For years, American and Canadian couples who dreamed of holding a destination wedding on an island in Tahiti, such as Bora Bora or Moorea, had to settle for non-legal ceremonial "I do's." But as of 2010, Tahiti has legalized destination weddings for all overseas visitors over the age of 18 who are not French citizens (with the exception of same-sex couples). Here are the details:
What is Required?
To wed legally in Tahiti you will need to begin the process at least six months in advance (as in the past, you can still opt to hold a legal ceremony stateside and enjoy ceremonial-only vows in Tahiti with far less paperwork). There are about six detailed documents that need to be translated and filed: a "Marriage of Foreign Citizens in French Polynesia" document; a letter signed and dated by both spouses and addressed to the mayor of the commune where the wedding will take place; proof of identities (copies of both spouses' passports); a certified copy of both spouses' birth certificates issued less than six months prior to the wedding date, authenticated with an "Apostile," translated into French by an approved translator and legalized by the French Consulate; a "Certificate of Non-Marital Status" signed by a lawyer, translated into French and legalized by the French Consulate; and proof of residency for both spouses (such as utility bills). For complete details, visit Tahiti Tourisme's dedicated weddings page.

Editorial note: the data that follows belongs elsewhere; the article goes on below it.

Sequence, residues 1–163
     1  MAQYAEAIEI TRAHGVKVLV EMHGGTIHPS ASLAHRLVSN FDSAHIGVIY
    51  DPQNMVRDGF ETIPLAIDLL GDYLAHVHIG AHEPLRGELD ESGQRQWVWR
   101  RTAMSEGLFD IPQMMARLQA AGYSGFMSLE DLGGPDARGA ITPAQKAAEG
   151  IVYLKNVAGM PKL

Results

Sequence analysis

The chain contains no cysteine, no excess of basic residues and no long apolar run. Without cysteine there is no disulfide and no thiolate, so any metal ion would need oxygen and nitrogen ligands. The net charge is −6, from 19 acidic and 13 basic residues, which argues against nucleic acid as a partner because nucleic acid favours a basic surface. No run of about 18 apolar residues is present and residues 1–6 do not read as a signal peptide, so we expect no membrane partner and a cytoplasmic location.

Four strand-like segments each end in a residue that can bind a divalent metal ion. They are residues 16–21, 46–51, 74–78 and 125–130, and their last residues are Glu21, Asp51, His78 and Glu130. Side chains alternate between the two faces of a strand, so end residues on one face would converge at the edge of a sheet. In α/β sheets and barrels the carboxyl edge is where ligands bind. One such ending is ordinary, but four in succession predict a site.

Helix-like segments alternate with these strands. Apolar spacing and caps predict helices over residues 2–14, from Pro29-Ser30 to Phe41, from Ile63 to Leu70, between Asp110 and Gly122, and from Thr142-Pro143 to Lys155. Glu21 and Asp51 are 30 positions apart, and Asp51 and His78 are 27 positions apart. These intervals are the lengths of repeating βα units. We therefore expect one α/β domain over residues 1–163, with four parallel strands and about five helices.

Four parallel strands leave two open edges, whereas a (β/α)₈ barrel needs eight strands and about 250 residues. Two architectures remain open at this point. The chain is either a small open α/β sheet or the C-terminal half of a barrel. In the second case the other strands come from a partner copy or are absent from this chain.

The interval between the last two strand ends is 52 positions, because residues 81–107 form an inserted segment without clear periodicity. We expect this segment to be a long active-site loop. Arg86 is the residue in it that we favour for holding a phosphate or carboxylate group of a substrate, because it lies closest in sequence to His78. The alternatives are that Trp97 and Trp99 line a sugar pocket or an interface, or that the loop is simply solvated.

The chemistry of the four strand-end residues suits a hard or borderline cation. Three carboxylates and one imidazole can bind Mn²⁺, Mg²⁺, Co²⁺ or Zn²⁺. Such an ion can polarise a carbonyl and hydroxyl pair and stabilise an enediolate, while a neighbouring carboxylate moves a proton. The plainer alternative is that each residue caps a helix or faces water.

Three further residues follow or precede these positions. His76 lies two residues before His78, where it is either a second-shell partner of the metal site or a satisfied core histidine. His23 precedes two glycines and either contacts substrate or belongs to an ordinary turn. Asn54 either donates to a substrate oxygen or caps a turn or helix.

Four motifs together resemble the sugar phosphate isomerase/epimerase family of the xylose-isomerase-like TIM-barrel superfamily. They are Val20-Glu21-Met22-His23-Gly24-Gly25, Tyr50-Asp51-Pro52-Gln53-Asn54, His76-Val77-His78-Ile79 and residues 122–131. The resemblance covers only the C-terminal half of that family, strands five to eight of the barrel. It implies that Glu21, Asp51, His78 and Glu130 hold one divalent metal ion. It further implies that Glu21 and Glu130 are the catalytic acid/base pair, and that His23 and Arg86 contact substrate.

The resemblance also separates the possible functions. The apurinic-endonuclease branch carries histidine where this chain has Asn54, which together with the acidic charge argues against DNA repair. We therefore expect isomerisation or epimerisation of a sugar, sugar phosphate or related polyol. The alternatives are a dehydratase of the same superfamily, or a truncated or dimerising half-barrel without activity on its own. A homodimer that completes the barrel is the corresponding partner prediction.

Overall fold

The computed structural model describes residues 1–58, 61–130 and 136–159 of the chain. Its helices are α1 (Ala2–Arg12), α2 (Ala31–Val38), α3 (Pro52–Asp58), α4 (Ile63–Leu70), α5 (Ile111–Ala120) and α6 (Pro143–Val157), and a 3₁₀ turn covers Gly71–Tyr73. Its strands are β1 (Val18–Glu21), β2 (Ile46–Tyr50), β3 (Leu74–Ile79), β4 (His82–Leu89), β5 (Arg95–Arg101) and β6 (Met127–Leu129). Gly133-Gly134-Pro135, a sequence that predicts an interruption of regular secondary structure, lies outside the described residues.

Where and When?
For all couples, the actual legal marriage will take place at the City Hall on the island where they will wed. This can be immediately followed by a beach, chapel or hilltop ceremony featuring the couple's choice of traditional Polynesian vows (presided over by a priest in plumed headdress and ceremonial garb with both couples dressed in white pareus and adorned with crowns and garlands of flowers and then wrapped together in the vibrant "tifaifai" or wedding quilt) or Western ceremony (presided over by a justice or minister with the couple in a wedding gown and suit).
Depending on the locale, brides or grooms can arrive via outrigger canoe (some resorts have the bride arrive this way, others have the groom), electric cart or on foot to backdrops as varied as a glass-floored overwater chapel (shown above and located at the InterContinental Bora Bora Resort & Thalasso Spa), a private motu (small island) or a catamaran sailing Bora Bora's lagoon as the sun dips behind Mt. Otemanu.
Check out the Best Places to Get Married in Tahiti for samples of wedding venues and ceremonies at a variety of Tahiti's leading resorts.